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Int J Biochem Mol Biol. 2011;2(2):168-182. Epub 2011 Apr 22.

Class II phosphoinositide 3-kinase C2alpha: what we learned so far.

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Queen Mary University of London, Barts and The London School of Medicine and Dentistry, Blizard Institute of Cell and Molecular Science, Centre for Diabetes Inositide Signalling Group, London El 2AT UK.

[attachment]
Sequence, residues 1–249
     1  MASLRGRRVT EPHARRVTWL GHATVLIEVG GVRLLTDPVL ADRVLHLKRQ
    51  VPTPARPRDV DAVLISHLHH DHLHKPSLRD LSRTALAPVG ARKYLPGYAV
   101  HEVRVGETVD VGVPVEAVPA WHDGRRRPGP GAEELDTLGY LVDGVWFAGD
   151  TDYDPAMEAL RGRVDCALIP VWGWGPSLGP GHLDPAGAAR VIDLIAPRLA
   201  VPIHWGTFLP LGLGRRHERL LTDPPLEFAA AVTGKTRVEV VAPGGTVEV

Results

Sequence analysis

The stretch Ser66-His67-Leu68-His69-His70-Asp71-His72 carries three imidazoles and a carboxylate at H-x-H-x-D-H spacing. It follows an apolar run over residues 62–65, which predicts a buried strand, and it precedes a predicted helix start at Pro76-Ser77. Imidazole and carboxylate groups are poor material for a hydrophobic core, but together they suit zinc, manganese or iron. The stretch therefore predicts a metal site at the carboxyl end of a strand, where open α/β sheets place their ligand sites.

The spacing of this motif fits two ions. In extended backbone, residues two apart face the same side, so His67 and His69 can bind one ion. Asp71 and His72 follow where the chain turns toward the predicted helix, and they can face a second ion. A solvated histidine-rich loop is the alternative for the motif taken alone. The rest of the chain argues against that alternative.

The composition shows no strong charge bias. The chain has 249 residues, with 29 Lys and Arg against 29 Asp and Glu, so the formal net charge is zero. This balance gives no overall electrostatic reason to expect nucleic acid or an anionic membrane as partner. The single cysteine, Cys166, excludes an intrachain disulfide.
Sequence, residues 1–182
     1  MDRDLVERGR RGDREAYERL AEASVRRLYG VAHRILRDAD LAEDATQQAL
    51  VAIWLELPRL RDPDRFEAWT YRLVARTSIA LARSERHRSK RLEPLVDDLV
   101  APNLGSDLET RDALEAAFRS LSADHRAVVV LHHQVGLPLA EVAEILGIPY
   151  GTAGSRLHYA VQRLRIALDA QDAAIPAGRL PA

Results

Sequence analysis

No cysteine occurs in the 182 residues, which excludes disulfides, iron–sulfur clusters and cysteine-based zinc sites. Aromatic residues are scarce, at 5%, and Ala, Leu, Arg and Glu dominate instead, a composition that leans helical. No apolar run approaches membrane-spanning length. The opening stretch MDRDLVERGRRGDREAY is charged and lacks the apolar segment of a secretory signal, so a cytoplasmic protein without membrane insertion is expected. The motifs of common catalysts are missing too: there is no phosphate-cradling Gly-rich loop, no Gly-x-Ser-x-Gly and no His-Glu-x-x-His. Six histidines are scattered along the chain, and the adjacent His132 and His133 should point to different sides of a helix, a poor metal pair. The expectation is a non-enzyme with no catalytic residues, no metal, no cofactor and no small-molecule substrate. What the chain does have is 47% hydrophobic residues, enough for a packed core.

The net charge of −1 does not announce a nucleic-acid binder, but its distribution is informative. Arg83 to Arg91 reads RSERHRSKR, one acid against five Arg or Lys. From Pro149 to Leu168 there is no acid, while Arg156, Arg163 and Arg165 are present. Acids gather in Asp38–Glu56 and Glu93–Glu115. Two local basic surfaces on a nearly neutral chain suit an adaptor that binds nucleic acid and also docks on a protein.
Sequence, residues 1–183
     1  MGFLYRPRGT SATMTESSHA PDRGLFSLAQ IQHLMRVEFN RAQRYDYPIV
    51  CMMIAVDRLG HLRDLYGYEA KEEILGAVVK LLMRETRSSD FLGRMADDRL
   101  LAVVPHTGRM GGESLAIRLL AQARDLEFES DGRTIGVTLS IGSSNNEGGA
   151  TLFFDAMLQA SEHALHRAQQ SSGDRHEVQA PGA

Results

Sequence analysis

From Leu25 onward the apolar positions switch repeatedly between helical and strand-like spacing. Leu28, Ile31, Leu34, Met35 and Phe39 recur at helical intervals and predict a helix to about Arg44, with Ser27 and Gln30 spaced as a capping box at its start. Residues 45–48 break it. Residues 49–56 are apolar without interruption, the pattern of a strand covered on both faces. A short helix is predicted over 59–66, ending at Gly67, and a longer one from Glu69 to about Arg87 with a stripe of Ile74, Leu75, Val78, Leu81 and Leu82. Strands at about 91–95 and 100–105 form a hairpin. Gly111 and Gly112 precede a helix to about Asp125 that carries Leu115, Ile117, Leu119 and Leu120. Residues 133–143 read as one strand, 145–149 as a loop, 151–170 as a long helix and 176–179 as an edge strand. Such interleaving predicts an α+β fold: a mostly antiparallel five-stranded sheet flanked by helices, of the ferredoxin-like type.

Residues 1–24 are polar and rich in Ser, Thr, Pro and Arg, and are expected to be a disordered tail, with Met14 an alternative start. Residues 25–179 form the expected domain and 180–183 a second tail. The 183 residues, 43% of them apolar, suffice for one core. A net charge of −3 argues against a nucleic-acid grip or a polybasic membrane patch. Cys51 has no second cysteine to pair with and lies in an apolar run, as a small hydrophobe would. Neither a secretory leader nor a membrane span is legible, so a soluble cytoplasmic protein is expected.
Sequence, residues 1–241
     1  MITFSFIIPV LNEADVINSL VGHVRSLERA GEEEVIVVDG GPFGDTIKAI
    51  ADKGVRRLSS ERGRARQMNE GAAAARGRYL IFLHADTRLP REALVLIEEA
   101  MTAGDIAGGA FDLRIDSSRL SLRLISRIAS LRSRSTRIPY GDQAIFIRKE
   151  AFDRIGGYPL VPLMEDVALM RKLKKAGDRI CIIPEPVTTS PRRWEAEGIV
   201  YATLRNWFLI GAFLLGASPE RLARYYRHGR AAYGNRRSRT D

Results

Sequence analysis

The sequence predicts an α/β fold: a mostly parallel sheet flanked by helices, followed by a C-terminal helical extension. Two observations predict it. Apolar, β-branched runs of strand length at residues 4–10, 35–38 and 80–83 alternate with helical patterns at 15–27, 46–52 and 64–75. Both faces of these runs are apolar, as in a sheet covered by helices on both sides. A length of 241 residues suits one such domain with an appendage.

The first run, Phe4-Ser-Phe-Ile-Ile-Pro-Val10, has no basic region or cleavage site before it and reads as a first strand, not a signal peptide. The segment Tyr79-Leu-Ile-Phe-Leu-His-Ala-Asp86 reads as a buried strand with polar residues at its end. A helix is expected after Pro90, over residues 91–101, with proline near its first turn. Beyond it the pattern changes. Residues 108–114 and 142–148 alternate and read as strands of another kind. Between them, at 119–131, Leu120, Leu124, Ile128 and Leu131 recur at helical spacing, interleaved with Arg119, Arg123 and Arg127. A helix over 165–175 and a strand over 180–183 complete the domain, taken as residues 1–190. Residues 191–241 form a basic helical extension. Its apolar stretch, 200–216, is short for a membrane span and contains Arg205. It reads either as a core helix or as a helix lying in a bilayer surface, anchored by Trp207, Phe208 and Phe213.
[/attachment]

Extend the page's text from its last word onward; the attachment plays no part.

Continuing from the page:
More than fifteen years after the first identification of a class II isoform of phosphoinositide 3-kinase (PI3K) in Drosophila melanoǵaster this subfamily remains the most enigmatic among all PI3Ks. What are the functions of these enzymes? What are their mechanisms of activation? Which downstream effectors are specifically regulated by these isoforms? Are class I and class II PI3Ks redundant or do they control different intracellular processes? And, more important, do class II PI3Ks have a role in human diseases? The recent increased interest on class II PI3Ks has started providing some answers to these questions but still a lot needs to be done to completely uncover the contribution of these enzymes to physiological processes and possibly to pathological conditions. Here we will summarise the recent findings on the alpha isoform of mammalian class II PI3Ks (PI3K-C2α ) and we will discuss the potential involvement of this enzyme in human diseases.


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